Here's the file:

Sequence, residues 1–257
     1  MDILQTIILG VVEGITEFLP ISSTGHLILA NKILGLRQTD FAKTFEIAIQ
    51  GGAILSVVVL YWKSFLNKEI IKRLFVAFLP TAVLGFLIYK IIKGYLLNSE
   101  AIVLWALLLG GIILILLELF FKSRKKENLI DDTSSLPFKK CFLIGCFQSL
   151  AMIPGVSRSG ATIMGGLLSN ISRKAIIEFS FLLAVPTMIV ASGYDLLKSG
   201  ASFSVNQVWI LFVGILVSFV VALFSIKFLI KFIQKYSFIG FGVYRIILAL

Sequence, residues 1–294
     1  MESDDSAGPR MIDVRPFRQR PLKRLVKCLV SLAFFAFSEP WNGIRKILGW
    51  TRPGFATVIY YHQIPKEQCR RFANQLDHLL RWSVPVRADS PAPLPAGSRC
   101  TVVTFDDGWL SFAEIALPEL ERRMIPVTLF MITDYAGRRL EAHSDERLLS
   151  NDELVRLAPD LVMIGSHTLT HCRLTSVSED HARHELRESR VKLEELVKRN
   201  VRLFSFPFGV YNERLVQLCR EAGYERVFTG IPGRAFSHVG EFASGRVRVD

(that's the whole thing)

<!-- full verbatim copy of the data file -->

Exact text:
Sequence, residues 1–257
     1  MDILQTIILG VVEGITEFLP ISSTGHLILA NKILGLRQTD FAKTFEIAIQ
    51  GGAILSVVVL YWKSFLNKEI IKRLFVAFLP TAVLGFLIYK IIKGYLLNSE
   101  AIVLWALLLG GIILILLELF FKSRKKENLI DDTSSLPFKK CFLIGCFQSL
   151  AMIPGVSRSG ATIMGGLLSN ISRKAIIEFS FLLAVPTMIV ASGYDLLKSG
   201  ASFSVNQVWI LFVGILVSFV VALFSIKFLI KFIQKYSFIG FGVYRIILAL

Sequence, residues 1–294
     1  MESDDSAGPR MIDVRPFRQR PLKRLVKCLV SLAFFAFSEP WNGIRKILGW
    51  TRPGFATVIY YHQIPKEQCR RFANQLDHLL RWSVPVRADS PAPLPAGSRC
   101  TVVTFDDGWL SFAEIALPEL ERRMIPVTLF MITDYAGRRL EAHSDERLLS
   151  NDELVRLAPD LVMIGSHTLT HCRLTSVSED HARHELRESR VKLEELVKRN
   201  VRLFSFPFGV YNERLVQLCR EAGYERVFTG IPGRAFSHVG EFASGRVRVD